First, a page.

On April 18, 2017, President Trump signed an executive order to promote the policy known as Buy American and Hire American. In President Trump’s words, the order established a government policy “to aggressively promote and use American-made goods and to ensure that American labor is hired to do the job.” But despite Trump’s highly publicized unveiling of the order in Kenosha, Wisconsin last month, it has very little practical effect as it is currently written.
The order lays out government priorities in general terms, requiring the executive branch to “maximize . . . the use of goods, products, and materials produced in the United States” and to “rigorously enforce and administer” already existing employment immigration laws. The order also urges the Secretaries of State, Labor, Homeland Security, and the Attorney General to “propose new rules and issue new guidance . . . as soon as practicable,” without setting a timeline or outlining what the new regime might look like. These officials are instructed to propose new rules “to protect the interest of United States workers in the administration of our immigration system, including the prevention of fraud or abuse” and to “suggest reforms to help ensure that H-1B visas are awarded to the most-skilled or highest-paid petition beneficiaries,” but with no deadline for doing so, no specific benchmarks, and no further detail regarding the nature of the reforms. No other visas are mentioned in the order.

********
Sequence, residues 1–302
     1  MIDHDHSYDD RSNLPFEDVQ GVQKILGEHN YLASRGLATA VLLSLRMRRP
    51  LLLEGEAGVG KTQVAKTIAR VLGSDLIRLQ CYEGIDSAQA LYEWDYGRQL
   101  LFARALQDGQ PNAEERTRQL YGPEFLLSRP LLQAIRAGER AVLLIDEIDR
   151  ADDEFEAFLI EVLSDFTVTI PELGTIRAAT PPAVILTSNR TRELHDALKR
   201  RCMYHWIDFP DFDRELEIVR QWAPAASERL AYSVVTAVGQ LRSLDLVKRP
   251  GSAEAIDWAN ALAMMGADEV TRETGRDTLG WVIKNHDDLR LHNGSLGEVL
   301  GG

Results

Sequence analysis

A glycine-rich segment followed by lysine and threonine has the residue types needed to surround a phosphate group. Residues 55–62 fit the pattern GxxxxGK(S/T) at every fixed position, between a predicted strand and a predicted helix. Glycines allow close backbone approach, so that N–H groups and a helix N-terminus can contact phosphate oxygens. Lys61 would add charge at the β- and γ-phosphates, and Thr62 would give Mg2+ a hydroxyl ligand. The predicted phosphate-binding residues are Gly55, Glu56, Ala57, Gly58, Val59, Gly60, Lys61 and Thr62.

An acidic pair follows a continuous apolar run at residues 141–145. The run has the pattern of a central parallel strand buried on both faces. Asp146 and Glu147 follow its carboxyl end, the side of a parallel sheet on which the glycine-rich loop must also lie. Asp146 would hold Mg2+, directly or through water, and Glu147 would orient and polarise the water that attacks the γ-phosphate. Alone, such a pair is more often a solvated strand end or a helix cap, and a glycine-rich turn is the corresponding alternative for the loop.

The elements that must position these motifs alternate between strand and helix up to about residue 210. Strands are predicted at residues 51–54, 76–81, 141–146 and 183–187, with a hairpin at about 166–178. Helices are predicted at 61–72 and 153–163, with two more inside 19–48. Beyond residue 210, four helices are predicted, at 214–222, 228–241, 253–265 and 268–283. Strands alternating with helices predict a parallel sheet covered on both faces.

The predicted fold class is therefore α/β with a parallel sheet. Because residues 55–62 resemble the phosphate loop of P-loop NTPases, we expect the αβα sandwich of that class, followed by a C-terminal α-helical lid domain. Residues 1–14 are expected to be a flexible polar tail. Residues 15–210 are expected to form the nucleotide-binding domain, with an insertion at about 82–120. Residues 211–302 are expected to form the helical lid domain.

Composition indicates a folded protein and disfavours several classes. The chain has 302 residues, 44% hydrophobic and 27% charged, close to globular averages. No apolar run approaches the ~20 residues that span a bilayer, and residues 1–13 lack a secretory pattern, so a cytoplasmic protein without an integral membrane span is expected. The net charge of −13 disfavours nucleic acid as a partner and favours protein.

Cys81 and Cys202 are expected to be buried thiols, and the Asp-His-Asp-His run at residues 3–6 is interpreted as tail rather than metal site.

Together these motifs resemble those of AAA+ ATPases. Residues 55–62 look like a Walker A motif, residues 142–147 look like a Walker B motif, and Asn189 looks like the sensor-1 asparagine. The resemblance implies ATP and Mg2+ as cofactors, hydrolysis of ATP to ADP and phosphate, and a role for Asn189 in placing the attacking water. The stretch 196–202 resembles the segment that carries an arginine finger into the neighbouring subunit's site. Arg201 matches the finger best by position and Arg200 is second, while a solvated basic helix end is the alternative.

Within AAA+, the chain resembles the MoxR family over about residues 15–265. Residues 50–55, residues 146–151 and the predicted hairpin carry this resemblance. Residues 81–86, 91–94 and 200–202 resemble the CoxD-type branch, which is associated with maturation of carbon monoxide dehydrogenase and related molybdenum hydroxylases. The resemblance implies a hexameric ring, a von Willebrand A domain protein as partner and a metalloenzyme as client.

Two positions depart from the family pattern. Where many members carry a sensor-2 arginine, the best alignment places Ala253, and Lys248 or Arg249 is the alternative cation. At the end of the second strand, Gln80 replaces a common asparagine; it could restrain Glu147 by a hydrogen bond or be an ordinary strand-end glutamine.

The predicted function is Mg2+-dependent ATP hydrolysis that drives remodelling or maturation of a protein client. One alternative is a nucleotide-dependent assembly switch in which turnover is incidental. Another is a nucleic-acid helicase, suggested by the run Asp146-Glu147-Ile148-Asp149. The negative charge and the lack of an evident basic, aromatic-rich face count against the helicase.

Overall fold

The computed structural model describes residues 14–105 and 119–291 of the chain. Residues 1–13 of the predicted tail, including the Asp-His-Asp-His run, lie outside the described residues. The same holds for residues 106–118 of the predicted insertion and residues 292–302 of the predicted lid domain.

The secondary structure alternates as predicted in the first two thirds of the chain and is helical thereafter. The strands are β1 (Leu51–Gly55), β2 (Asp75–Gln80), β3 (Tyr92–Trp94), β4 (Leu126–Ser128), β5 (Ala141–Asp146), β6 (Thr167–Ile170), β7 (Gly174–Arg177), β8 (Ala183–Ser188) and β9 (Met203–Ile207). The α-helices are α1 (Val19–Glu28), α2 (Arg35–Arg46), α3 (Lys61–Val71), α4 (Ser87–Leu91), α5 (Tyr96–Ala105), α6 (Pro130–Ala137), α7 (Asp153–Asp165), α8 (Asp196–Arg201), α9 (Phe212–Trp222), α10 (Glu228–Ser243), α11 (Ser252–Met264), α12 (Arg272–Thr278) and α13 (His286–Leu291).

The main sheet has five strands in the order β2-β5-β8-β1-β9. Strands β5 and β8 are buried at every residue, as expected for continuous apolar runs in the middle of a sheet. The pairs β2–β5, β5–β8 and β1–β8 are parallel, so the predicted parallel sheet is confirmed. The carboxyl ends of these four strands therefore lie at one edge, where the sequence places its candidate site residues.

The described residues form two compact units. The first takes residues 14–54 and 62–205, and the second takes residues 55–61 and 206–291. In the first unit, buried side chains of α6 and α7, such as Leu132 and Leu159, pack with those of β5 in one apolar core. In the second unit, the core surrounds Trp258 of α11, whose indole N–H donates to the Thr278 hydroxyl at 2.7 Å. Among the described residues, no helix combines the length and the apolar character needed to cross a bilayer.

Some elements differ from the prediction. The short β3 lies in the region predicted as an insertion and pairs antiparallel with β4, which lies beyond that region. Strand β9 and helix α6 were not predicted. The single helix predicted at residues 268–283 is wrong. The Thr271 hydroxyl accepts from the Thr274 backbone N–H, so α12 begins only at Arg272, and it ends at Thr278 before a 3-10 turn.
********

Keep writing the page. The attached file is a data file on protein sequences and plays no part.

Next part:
Despite the rhetoric, the order does nothing to change the current employment-based visa system, which would require Congressional approval in order to make any substantive changes. For example, proposals to change the wage levels paid to H-1B workers, to restructure the method of allocating H-1B visas (currently through a random lottery), and to change H-1B requirements, would all require Congressional approval through the traditional legislative process. Previous efforts to make changes to the H-1B visa have all failed, and the visa has been largely unchanged since its inception in 1990. Nevertheless, Trump has clearly targeted immigration, and particularly the H-1B visa, as a focus of his administration. While there are changes that he can make without Congressional support, such as increasing employer site visits, I-9 audits, and creating policies to make H-1B approval more difficult, we have not seen evidence of this happening at this time.
If you have any questions about the employment immigration landscape, please contact the attorneys at MMH for assistance.